Bhutan amidst the global water crisis

With frantic pace of development in Asia and the Pacific region, and projected urbanization balloon that could see an estimated 2.5 billion people or 55% of the population living in urban areas by 2030, the Asia-Pacific region of which Bhutan is an integral part,  is seen to face a major water crisis in the coming decade.

The ongoing Asia-Pacific Water Summit, also known as the 4th APWS, which kick-started Saturday in Kumamoto City, Japan is therefore a timely reminder of the impending woes the region is in to face and the measures that can be taken thereof.

The event brings together high-level delegates from the Asia-Pacific region, including heads of state and representatives from international organizations, to discuss a variety of water-related issues. Among others the member states will actively delve on long-standing efforts in groundwater conservations, providing insights on water and its relation to youth, gender, climate, governance, finance, and the SDGs.

Addressing the event online, Prime Minister Dr Lotay Tshering said Bhutan’s water conservation efforts is one unique story originates from the Golden Throne and that which puts water in the heart of national solidarity and unity in such an unprecedented time. 

 He said that at a time when pandemic peaked world over, causing immense disruption to education, employment and other livelihoods, His Majesty The King called upon the young people of Bhutan to step up and embrace activities that are redirected to ensure abundant water resources by engaging our youth to in building robust water infrastructure for the people and the nation.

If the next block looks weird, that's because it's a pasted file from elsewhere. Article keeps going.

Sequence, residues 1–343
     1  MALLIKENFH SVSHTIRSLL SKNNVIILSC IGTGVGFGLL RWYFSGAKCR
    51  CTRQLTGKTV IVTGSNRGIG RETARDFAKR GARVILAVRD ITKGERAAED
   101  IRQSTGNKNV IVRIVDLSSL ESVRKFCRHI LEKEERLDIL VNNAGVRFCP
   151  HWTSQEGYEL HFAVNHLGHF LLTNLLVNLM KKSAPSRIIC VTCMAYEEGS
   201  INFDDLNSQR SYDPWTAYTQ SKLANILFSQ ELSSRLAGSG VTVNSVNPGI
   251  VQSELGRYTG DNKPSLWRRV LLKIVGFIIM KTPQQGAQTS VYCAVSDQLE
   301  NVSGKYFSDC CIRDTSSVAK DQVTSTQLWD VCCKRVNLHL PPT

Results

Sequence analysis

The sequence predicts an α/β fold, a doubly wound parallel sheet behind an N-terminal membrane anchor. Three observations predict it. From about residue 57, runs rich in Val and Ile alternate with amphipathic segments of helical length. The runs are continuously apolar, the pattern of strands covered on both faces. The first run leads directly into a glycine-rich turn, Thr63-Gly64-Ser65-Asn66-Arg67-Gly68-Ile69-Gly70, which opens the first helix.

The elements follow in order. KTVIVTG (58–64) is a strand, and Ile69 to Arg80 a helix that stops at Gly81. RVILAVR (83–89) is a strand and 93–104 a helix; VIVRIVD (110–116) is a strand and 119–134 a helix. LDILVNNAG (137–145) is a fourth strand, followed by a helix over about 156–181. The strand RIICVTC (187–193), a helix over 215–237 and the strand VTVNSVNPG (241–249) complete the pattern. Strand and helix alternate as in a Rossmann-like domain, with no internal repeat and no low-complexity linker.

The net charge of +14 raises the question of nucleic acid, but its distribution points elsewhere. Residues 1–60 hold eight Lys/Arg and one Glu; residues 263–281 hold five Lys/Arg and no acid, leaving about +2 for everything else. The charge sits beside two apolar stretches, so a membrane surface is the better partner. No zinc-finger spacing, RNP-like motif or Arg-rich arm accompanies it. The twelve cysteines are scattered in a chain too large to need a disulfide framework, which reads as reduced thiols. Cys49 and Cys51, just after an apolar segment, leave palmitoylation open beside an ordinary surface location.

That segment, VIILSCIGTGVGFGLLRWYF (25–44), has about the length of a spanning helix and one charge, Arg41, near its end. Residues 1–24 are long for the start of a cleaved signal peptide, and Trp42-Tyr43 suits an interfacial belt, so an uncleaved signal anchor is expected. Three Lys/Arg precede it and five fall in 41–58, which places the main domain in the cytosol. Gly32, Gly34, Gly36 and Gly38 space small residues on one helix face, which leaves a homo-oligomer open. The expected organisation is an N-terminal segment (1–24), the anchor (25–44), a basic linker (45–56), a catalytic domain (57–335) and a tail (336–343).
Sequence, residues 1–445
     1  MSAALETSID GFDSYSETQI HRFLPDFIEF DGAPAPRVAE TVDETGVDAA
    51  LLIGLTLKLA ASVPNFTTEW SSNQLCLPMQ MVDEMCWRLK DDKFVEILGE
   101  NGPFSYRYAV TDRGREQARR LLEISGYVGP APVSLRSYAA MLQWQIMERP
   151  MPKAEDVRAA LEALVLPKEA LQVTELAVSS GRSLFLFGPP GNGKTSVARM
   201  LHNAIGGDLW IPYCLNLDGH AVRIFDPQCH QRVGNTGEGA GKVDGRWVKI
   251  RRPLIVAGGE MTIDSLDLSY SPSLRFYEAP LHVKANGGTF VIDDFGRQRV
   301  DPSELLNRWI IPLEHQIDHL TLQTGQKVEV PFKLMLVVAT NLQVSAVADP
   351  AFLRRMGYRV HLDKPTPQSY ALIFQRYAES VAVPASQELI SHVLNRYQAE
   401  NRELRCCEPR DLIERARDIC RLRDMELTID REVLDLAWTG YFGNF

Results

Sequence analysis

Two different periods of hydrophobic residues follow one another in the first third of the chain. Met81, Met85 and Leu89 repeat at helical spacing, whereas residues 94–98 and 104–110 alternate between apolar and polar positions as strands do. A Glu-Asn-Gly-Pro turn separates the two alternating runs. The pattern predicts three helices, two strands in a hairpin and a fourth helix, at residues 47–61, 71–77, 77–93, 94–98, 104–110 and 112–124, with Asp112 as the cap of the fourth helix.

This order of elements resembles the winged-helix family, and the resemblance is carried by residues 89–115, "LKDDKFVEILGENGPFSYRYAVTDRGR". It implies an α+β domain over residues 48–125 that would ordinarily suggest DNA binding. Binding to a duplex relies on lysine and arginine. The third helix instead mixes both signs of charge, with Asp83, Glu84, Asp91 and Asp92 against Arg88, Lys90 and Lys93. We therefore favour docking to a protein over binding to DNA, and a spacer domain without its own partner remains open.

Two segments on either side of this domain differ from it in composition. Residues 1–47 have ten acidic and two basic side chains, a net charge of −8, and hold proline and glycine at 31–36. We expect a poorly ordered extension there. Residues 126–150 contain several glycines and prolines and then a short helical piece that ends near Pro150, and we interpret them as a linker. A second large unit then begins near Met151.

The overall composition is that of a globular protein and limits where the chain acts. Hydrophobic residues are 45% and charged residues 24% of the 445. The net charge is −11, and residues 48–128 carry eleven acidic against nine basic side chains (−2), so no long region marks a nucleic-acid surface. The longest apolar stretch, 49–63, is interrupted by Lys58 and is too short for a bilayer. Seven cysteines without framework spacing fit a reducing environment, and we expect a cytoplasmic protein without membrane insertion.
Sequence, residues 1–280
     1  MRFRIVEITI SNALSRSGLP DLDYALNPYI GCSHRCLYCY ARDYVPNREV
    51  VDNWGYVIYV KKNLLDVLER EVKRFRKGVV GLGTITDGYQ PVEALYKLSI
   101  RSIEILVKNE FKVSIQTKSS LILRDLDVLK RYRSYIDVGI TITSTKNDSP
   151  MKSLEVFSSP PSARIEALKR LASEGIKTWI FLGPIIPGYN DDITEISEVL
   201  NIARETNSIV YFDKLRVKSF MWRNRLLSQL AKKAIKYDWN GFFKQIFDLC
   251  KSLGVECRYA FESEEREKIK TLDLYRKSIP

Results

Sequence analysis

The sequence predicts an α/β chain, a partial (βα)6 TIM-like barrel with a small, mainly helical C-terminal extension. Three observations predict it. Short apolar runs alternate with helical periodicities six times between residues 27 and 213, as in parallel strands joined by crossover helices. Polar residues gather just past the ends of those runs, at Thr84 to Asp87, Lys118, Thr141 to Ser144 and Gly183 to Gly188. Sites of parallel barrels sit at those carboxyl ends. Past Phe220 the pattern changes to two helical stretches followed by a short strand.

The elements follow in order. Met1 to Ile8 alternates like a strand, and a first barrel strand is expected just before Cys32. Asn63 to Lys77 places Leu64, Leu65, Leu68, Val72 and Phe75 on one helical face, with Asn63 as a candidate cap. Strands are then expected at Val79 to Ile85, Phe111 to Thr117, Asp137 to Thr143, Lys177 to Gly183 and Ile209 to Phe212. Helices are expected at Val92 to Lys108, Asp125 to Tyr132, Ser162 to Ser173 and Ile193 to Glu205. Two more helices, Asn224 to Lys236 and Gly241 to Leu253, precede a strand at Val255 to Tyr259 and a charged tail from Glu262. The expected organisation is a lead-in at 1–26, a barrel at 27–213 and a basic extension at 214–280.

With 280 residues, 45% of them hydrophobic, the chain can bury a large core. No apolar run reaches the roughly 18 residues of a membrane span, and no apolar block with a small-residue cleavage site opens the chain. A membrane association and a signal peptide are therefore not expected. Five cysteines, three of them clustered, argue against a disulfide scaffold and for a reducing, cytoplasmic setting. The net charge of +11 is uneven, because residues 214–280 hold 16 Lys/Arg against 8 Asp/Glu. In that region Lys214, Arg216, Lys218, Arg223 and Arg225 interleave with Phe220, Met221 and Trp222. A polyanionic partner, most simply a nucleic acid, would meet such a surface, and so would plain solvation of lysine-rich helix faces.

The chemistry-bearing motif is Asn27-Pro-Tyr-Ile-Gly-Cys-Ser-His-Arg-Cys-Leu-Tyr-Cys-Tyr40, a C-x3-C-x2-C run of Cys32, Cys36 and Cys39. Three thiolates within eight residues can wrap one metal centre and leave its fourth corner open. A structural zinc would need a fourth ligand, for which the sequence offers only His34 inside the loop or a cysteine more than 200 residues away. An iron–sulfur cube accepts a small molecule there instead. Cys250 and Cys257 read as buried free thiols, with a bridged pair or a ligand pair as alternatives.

The PM said the timeless initiative of His Majesty would not just be for the food securities but contribute to national self-reliance and global accomplishment, and that conflicts and wars in future can originate over access to water and that we must solve this problem once and for all in Bhutan. 

With the royal initiative and intervention, thousands of youth came forward to work on water projects during the peak of the pandemic and gave birth to the De-suung National Service Water Project and ensured communities across the country were connected with water for drinking and.

Lyonchhen said in solving the water issues, His Majesty gave the youth of Bhutan a new purpose and renewed spirit that our young people are ensuring that water, the very source of life, is secured with their own hands.

With about 500 million people in the region still without access to at least basic water supplies, and 1.14 billion lack access to basic sanitation, water security remains a significant challenge.

The agriculture sector will also need to produce much more food for the growing population, competing for already diminishing water resources. Add to that the constant threat of disasters exacerbated by climate change that is also prevalent in the region.

However, with His Majesty at the helm of affairs and tackling the water issue when these talks are yet to fruition, the citizens of Bhutan have a brighter future to look into – at least for now.